A mis­placed ob­ses­sion with debt

The Olympian - - Opinion - BY PAUL KRUG­MAN

Do you re­mem­ber the win­ter of debt?

In late 2010 and early 2011, the U.S. econ­omy had barely be­gun to re­cover from the 2008 fi­nan­cial cri­sis. Around 9 per­cent of the la­bor force was still un­em­ployed; long-term un­em­ploy­ment was es­pe­cially se­vere, with more than 6 mil­lion Amer­i­cans hav­ing been out of work for six months or more. You might have ex­pected the con­tin­u­ing em­ploy­ment cri­sis to be the fo­cus of most eco­nomic pol­icy dis­cus­sion.

But no: Wash­ing­ton was ob­sessed with debt. The Simp­son-Bowles re­port was the talk of the town. Paul Ryan’s im­pas­sioned (and, of course, hyp­o­crit­i­cal) de­nun­ci­a­tions of fed­eral debt won him me­dia adu­la­tion and awards. And be­tween the cap­i­tal’s debt ob­ses­sion, the Repub­li­can takeover of the House, and a hard right turn in state gov­ern­ments, Amer­ica was about to em­bark on a pe­riod of cut­backs in gov­ern­ment spend­ing un­prece­dented in the face of high un­em­ploy­ment.

Some of us protested bit­terly against this pol­icy turn, ar­gu­ing that a pe­riod of mass un­em­ploy­ment was no time for fis­cal aus­ter­ity. And we were mostly right. Why only “mostly”? Be­cause it is be­com­ing in­creas­ingly doubt­ful whether there is any right time for fis­cal aus­ter­ity.

That is the mes­sage I take from Olivier Blan­chard’s pres­i­den­tial ad­dress to the Amer­i­can Eco­nomic As­so­ci­a­tion. To be fair, Blan­chard – one of the world’s lead­ing macroe­conomists, for­merly the ex­tremely in­flu­en­tial chief econ­o­mist of the IMF – was cau­tious in his pro­nounce­ments, and cer­tainly did not say that debt never mat­ters. But his anal­y­sis none­the­less makes the Fix the Debt fix­a­tion (yes, they are still out there) look even worse than be­fore.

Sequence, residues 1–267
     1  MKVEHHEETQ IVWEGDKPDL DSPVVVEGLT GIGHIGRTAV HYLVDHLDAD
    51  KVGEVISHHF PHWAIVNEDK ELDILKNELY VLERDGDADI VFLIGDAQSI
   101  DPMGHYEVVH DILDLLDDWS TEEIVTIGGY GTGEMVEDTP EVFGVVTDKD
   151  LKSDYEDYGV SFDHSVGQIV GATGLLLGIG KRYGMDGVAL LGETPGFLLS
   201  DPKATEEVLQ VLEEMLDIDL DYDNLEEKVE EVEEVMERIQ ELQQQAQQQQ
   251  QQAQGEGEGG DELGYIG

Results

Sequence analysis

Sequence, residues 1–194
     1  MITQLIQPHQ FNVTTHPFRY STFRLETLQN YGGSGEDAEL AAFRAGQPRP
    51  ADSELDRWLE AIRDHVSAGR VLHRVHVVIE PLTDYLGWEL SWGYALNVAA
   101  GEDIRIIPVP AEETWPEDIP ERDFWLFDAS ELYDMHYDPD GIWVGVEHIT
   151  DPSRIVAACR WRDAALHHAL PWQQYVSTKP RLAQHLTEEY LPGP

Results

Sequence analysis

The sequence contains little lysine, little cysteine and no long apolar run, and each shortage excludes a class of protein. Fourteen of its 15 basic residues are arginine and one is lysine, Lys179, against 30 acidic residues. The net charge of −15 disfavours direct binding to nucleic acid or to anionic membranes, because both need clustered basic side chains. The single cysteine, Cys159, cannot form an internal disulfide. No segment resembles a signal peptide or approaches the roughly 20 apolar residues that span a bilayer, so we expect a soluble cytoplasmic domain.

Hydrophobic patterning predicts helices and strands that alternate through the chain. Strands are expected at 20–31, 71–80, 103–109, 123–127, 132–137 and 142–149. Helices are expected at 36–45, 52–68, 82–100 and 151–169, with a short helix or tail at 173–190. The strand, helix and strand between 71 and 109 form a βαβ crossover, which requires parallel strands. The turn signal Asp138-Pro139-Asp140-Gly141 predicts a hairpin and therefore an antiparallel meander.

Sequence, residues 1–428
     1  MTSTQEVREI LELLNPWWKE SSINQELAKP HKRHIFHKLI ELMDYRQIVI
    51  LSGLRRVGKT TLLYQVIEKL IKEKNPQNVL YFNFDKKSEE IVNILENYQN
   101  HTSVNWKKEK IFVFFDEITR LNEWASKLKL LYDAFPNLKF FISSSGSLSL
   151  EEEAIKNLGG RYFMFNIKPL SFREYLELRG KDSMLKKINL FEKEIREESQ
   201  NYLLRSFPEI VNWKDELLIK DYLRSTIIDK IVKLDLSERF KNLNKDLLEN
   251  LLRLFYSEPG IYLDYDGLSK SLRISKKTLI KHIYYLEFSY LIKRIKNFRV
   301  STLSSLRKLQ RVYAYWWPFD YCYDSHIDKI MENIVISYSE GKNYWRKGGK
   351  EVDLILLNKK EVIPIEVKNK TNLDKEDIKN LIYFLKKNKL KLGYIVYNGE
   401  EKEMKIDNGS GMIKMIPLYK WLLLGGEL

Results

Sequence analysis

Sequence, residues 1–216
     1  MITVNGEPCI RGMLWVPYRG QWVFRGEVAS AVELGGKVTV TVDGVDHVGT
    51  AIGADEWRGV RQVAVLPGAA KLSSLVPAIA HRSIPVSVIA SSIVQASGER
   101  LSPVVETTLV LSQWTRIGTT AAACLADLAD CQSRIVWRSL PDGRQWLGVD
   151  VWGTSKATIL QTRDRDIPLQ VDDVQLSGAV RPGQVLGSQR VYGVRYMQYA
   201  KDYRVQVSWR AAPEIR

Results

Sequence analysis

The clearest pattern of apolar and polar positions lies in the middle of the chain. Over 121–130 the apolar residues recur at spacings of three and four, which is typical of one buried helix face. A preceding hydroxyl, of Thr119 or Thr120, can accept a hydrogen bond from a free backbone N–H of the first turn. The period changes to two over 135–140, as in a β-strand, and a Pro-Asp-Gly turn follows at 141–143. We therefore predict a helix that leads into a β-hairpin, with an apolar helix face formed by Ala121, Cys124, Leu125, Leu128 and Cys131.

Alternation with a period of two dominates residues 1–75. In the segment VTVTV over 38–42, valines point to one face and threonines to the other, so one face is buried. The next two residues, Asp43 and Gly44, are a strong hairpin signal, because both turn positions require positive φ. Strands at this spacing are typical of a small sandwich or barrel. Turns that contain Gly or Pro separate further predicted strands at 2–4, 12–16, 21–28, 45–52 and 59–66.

Blan­chard starts with the ob­ser­va­tion that in­ter­est rates on gov­ern­ment debt are quite low, which in it­self means that wor­ries about debt are overblown. But he makes a more spe­cific point: The av­er­age in­ter­est rate on debt is less than the econ­omy’s growth rate (“rg”). More­over, this is not a tem­po­rary aber­ra­tion: in­ter­est rates less than growth are ac­tu­ally the norm, bro­ken only for a short stretch in the 1980s.

Why does this mat­ter? There are ac­tu­ally two sep­a­rate but re­lated im­pli­ca­tions of low in­ter­est rates. First, fears of a ru­n­away spi­ral of ris­ing debt are based on a myth. Sec­ond, rais­ing pri­vate in­vest­ment should not be a huge pri­or­ity.

On the first point: Di­a­tribes about debt of­ten come with omi­nous warn­ings that debt may snow­ball over time. That is, high debt will mean high in­ter­est pay­ments, which drive up deficits, lead­ing to even more debt, which leads to even higher in­ter­est rates, and so on.

But what mat­ters for gov­ern­ment sol­vency is not the ab­so­lute level of debt but its level rel­a­tive to the tax base, which in turn ba­si­cally cor­re­sponds to the size of the econ­omy. And the dol­lar value of GDP nor­mally grows over time, due to both growth and in­fla­tion. Other things equal, this grad­u­ally melts the snow­ball: even if debt is ris­ing in dol­lar terms, it will shrink as a per­cent­age of GDP if deficits are not too large.

The clas­sic ex­am­ple is what hap­pened to U.S. debt from World War II. When and how did we pay it off? The an­swer is that we never did. Yet, de­spite ris­ing dol­lar debt, by 1970 growth and in­fla­tion had re­duced the debt to an eas­ily han­dled share of GDP.

Blan­chard’s sec­ond point is sub­tler but still im­por­tant. In gen­eral, debt scolds warn not just about threats to gov­ern­ment sol­vency but about growth. The claim is that high pub­lic debt feeds cur­rent con­sump­tion at the ex­pense of in­vest­ment for the fu­ture. And high debt does in­deed prob­a­bly have that ef­fect when the econ­omy is near full em­ploy­ment (al­though in 2010-2011 more deficit spend­ing would have led to more, not less, pri­vate in­vest­ment).

Blan­chard does not say this, but what we should prob­a­bly be wor­ry­ing about in­stead of debt is pub­lic in­vest­ment in in­fra­struc­ture, which has been ne­glected and suf­fers from ob­vi­ous de­fi­cien­cies.

Yet the debt ob­ses­sion led to less, not more, pub­lic in­vest­ment. Pub­lic con­struc­tion spend­ing as a per­cent­age of GDP rose briefly dur­ing the Obama stim­u­lus ( partly be­cause GDP was down), then plunged to his­tor­i­cally low lev­els, where it has stayed. For all the talk about tak­ing care of fu­ture gen­er­a­tions, debt scolds have al­most surely hurt, not helped, our fu­ture prospects.

Newspapers in English

Newspapers from USA

© PressReader. All rights reserved.